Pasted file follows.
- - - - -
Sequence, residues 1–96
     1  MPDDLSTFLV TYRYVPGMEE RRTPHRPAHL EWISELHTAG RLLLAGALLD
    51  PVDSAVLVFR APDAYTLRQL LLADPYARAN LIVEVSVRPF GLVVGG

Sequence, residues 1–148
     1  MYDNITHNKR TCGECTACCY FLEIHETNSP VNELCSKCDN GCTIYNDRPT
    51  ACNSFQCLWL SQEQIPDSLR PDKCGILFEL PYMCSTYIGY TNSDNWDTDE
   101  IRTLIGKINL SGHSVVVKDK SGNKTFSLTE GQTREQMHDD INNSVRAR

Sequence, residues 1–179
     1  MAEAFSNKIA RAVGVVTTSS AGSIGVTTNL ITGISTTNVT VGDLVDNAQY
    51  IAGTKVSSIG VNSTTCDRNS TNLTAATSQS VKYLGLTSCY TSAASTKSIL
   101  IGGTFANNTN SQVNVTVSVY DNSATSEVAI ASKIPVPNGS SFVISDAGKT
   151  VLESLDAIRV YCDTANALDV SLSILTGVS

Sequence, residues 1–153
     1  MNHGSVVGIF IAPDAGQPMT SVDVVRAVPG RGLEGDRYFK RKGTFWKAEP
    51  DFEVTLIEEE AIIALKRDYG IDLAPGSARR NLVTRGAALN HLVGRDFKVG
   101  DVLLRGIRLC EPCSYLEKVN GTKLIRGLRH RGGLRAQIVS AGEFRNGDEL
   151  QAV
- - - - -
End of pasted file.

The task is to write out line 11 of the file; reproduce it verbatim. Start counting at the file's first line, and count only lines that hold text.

   101  IGGTFANNTN SQVNVTVSVY DNSATSEVAI ASKIPVPNGS SFVISDAGKT